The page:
columns (double this for dual channel systems, half this for DDR2-533

	By the way, the effect of the CPU cache is likely to increase
the benefit of this optimization toward that ideal factor of 3
improvement, because only the earlier stages of video decoding
potentially have data footprints small enough for the CPU
data caches to eliminate any memory bus transfers.

	The memory bus utilization would also be reduced (but never
more than that factor 3) as the ratio of the size of the unstretched
video to stretched video increases, such as when playing a 720x480 video
on a newer 2560x1600 display.

	The potential benefits seem pretty substantial to me, and I
have more happy vaporware speculation: the implementation effort may
be quite small, because it should not be necessary to write the video
format conversion and stretch code, as that code can be taken from
existing free video players that do this on the client side,
particularly libswscale, which is already conveniently in its own
subdirectory of the ffmpeg library used by many video players.  Since
there are no formal releases of ffmpeg, and since ffmpeg already
maintains libswscale as a separate source control tree, it might make
sense to ask the ffmpeg people about evolving ffmpeg into a
freedesktop.org project with tar file releases, or merging it into
libpixman.  This would also at least require some header file movement
to allow libswcale to compile without ffmpeg.

	Finally, I would like to mention a couple of alternatives to
this approach, for completeness, because I do not want to give to
suggest that this is necessarily the end of the line for optimizing
software based video playing.

	Alternative #1: If you have 3D hardware and appropriate drivers
properly configured that supports YUV textures and support in your X
server, and lack Xv support for some reason, 3D surely will provide
better performance than any software XvPutImage, and there is
apparently already support for this in at least one video player.

	Alternative #2: I do not know enough about DRI to be sure
about this, but I think that a slightly more optimal approach for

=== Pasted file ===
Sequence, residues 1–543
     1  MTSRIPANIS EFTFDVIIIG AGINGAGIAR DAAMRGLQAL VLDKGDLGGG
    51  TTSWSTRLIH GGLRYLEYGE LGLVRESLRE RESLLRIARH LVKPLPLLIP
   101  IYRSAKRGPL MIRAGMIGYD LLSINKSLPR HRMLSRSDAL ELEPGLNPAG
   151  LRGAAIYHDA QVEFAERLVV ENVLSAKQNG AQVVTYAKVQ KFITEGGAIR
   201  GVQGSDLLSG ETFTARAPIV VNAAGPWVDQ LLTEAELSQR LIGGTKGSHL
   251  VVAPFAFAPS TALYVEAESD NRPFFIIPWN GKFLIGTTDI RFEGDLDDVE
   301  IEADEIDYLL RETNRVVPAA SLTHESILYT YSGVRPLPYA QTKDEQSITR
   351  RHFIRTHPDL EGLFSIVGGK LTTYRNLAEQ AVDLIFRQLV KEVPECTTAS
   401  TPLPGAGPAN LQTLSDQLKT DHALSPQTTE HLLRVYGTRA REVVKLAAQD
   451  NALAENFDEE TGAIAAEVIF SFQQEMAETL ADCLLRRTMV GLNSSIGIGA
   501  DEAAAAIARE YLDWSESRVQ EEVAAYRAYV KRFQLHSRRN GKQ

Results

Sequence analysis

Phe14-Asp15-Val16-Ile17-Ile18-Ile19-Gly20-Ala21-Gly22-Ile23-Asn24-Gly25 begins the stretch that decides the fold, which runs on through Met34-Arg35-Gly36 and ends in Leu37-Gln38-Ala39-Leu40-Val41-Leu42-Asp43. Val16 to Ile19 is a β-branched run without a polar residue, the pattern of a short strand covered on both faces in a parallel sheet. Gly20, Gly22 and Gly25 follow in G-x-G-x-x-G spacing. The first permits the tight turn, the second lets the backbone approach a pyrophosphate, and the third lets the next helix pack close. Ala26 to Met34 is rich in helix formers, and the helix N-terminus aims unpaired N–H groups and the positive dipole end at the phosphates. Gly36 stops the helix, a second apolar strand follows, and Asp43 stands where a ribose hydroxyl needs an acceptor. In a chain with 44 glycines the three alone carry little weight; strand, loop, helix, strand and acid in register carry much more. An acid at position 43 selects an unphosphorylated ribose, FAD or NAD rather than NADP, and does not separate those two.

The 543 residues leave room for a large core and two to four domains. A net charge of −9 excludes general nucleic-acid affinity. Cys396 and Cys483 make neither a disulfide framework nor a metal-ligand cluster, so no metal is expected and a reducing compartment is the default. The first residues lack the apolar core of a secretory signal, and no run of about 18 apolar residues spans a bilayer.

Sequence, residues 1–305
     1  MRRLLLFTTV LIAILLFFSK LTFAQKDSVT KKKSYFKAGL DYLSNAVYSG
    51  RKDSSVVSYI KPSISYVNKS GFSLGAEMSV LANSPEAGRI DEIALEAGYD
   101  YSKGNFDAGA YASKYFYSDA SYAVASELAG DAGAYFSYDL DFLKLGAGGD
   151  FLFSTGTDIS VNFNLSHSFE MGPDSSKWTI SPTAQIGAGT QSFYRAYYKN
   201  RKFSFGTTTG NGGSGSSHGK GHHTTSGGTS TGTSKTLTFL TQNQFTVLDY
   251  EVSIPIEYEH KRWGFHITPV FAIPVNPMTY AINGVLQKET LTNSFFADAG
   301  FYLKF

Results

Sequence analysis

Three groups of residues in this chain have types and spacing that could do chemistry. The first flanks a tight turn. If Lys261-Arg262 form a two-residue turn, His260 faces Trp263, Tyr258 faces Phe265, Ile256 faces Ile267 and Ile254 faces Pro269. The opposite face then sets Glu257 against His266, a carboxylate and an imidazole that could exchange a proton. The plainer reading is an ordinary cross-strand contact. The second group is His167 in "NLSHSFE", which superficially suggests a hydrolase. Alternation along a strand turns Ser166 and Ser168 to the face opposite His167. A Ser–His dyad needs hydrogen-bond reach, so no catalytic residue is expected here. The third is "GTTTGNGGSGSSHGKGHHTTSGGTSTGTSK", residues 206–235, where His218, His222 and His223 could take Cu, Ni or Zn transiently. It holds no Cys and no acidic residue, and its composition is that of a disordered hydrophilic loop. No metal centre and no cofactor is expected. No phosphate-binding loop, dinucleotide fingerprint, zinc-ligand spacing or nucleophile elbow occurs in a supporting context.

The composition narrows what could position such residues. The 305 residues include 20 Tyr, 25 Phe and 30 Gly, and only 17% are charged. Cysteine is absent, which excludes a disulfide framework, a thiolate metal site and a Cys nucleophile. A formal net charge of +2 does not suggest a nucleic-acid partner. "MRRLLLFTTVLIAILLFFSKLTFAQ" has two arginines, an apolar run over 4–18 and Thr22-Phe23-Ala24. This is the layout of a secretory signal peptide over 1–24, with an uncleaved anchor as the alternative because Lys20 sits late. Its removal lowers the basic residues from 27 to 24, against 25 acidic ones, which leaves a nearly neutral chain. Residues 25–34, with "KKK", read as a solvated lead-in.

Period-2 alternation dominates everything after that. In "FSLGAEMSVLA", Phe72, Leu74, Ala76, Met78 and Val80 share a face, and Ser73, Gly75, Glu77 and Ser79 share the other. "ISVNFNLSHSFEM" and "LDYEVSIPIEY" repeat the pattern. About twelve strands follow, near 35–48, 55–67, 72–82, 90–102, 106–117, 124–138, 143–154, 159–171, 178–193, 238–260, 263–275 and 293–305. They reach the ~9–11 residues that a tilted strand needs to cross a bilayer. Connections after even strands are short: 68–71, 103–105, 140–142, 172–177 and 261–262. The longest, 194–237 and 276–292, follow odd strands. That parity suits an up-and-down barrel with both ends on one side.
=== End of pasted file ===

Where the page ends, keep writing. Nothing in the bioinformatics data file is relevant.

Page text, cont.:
systems without any hardware video acceleration would be to allow
trusted (i.e., privileged) video players to map the frame buffer
directly and coordinate changes to clip regions and window
coordinates, which I think is done already done for 3D using the
Direct Rendering Infrastructure (DRI).  As far as I know, DRI
theoretically does not actually require 3D, video players with
appropriate permissions should be able to use DRI to map the frame
buffer and draw to it.  However, DRI currently requires a DRM driver
for each type of video card, and this would require writing new (but
relatively simple) video output drivers any video player that would
use this approach, whereas Soft XvPutImage should work with existing
video players that already support Xv.  There are also the relatively
minor drawbacks of this approach being limited to the very common case
of the player running on the same machine as the frame buffer, the
frame buffer being memory mapped in a sensible format, and the video
player running with enough privilege to use DRI.

	I have written this description partly so that I will no
longer feel like a roadblock to more ubiquitous video playing by not
mentioning it and not getting around to implementing it, and also to
find out if there are compelling reasons not to do it, such as an
existing implementation that I have missed or an already existing
optimization in software video playing that makes this optimization
idea useless.  So, further analysis, corrections, and, of course,
implementation, would be most welcome.

Adam Richter